22 hydration aherbal tea (Green, ginger, peppermint etc.) aiced Herbal tea (home made, not purchased) ablack coffee (ground beans or instant) amineral water These alternatives are not to be confused as complete substitutes. It is recommended that you drink water during the day, as some alternatives have additives or chemicals, such as caffeine in coffee. Caffeine can act as a diuretic, which can therefore promote dehydration. The substitution of the odd replacement drink is not concerning but it is recommended that you do make a conscious effort to drink water. Importantly, in my experience, clients who have given focus to their holistic health (training, eating, and resting) achieve best results. This includes a conscious effort to keep hydrated with water.
23 cooking tips From my experience with clients, the following tips can also be considered to enhance the taste and variety within a healthy eating plan. While it is acknowledged that kilojoules (Kj) is the metric unit for measuring food energy in Australia, the following section uses calories as it is more commonly used internationally. low calorie Vegetables The following foods are excellent for filling you up and providing variety and flavour for your meals. These non-starchy vegetables are low in calories (or kilojoules) and have little effect on weight gain. Remember, you need at least 5 serves per day from the vegetable & legumes food group. Vegetables and salad are an excellent source of a variety of vitamins and minerals, fibre and antioxidants. DDAlfalfa sprouts DDArtichokes D DDBean sprouts DDBroccoli D DDCabbage DDCapsicum DDCauliflower DDCelery D Bamboo shoots D Brussel sprouts DDChives D D D DDFennel DDGarlic D DDKale D DDLeeks D Cucumber D Eggplant D Endives D Green beans D Lettuce DDMushrooms DDCress DDOnions DDParsley DDPumpkin DDRadishes DDShallots DDSilverbeet D DDSquash D Spring onions DDSnow peas DDSauerkraut DDSprouts DDSpinach DDTomatoes DDTurnips DDWatercress DDZucchini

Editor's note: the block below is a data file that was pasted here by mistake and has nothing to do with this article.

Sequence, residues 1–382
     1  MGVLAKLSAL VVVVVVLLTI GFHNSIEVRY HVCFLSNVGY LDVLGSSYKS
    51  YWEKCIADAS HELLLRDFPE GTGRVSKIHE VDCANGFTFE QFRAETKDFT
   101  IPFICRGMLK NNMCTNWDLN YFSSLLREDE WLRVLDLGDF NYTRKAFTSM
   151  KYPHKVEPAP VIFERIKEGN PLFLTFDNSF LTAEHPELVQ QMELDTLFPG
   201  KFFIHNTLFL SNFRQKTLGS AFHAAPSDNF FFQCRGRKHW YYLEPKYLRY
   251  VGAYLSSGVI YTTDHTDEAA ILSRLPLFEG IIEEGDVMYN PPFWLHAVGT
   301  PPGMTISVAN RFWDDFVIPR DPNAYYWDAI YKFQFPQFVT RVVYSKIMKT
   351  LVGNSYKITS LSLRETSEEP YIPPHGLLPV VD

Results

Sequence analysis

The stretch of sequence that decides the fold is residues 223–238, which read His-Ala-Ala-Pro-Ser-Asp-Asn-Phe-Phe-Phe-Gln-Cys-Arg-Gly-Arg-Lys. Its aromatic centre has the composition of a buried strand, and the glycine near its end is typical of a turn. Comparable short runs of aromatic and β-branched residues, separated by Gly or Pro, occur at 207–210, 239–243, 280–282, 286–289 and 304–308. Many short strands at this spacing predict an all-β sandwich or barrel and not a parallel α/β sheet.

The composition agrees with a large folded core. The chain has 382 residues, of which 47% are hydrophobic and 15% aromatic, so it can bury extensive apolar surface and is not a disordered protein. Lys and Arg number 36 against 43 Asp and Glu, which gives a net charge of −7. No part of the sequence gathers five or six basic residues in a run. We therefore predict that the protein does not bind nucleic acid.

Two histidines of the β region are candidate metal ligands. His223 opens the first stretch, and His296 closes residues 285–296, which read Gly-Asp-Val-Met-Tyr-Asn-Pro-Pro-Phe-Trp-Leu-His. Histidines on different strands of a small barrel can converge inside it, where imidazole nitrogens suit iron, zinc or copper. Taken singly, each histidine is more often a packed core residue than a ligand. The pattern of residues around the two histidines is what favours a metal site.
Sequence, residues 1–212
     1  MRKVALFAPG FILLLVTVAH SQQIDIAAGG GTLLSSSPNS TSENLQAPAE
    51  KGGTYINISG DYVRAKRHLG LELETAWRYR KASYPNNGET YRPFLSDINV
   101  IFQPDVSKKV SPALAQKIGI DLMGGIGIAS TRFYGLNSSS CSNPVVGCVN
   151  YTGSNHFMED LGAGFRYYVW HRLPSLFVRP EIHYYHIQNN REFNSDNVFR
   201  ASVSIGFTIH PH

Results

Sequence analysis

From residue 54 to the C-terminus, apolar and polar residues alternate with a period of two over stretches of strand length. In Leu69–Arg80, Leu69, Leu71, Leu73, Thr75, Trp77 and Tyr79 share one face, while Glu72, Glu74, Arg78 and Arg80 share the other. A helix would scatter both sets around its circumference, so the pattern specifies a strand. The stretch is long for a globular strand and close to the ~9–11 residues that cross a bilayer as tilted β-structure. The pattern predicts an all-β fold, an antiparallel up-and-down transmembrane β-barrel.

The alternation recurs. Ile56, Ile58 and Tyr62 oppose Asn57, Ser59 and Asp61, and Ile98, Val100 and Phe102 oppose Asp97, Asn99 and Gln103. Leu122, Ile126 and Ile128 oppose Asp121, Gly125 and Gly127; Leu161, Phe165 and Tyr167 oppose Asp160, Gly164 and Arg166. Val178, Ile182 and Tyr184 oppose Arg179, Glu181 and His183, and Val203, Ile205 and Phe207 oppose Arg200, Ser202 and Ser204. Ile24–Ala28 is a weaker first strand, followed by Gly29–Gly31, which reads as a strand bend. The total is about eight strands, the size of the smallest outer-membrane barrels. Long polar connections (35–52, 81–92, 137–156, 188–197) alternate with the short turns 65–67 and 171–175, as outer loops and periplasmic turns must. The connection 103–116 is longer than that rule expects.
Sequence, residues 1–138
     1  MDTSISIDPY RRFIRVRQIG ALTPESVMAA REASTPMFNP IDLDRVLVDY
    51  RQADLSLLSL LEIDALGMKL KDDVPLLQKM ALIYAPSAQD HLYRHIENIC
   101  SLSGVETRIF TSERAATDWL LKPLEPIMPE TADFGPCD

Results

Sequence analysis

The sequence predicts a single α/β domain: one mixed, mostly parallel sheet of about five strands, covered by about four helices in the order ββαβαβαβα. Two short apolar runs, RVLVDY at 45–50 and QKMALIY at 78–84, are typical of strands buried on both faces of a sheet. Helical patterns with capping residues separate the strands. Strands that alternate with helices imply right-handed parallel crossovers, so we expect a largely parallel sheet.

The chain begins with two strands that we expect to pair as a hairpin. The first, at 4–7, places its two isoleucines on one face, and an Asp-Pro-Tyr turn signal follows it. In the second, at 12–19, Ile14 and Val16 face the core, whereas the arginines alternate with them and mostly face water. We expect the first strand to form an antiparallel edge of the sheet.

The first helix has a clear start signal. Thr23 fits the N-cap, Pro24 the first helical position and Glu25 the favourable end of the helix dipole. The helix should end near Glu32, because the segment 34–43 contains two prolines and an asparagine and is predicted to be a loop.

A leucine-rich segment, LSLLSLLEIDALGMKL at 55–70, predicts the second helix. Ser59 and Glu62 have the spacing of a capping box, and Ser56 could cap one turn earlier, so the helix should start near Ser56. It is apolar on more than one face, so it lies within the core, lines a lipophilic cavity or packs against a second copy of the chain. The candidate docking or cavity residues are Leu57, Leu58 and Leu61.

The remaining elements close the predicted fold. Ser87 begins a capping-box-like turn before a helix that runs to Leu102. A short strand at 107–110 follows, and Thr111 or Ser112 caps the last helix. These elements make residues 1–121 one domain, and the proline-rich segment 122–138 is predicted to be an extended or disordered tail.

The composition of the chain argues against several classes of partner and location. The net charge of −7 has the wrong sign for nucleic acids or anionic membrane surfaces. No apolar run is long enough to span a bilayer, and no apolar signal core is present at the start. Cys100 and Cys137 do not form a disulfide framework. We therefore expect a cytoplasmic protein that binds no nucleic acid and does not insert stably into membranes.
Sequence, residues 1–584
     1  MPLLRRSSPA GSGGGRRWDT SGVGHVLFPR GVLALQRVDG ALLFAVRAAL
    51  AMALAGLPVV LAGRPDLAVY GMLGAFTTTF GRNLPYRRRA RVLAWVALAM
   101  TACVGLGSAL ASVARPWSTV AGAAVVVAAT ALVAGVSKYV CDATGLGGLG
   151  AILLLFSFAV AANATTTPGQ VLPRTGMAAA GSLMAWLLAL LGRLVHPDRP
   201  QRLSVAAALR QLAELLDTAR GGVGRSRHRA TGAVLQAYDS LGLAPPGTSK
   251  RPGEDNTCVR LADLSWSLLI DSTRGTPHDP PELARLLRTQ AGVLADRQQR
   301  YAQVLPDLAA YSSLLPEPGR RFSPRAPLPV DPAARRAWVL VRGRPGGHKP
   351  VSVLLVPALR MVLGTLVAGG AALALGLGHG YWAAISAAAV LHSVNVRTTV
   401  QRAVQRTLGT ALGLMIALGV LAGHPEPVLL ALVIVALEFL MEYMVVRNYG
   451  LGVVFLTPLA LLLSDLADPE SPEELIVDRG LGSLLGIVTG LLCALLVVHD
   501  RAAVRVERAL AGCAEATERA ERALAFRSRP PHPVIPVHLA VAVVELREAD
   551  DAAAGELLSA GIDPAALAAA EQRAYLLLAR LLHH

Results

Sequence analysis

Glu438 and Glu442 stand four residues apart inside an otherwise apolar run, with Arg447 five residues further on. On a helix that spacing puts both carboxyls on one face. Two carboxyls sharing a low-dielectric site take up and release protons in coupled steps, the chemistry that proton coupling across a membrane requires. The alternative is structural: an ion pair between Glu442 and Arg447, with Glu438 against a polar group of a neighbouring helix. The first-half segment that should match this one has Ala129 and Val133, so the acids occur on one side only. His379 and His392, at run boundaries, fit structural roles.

24 cooking tips Try serving your vegetables as oven baked or steamed. This is a great cooking style, as it requires no oils. Other handy variations include: Add fresh parsley (or rosemary), freshly ground black pepper & a dash of olive oil to your chopped vegetables Add crushed tomato & lemon juice to your oven vegetable mix Marinate vegetables in 2 cloves crushed garlic, 2 tbsp balsamic vinegar, small amount olive oil (1 serve of fat), and fresh basil leaves Add ground or grated ginger to mashed pumpkin, or sprinkle on pumpkin pieces when baking Sprinkle nutmeg on carrots, beans, spinach, pumpkin, cauliflower or peas Add chopped vegetables to an omelette for extra flavour
25 fruit mixes & juices In the following amounts, these fruits are low in calories. a ½ cup strawberries a ½ cup raspberries a 3 passionfruit a 1 lime a 1 lemon cooking tips This means you can consume more of them, allowing you to have larger meals with a greater variety of tastes. How to make your own basic fruit juice: 1. Choose your fruit mix; making sure it suits the serving amounts. 2. Add to blender the following; chosen fruits, 1 drinking cup of ice and a small amount of water. 3. Blend, serve and enjoy!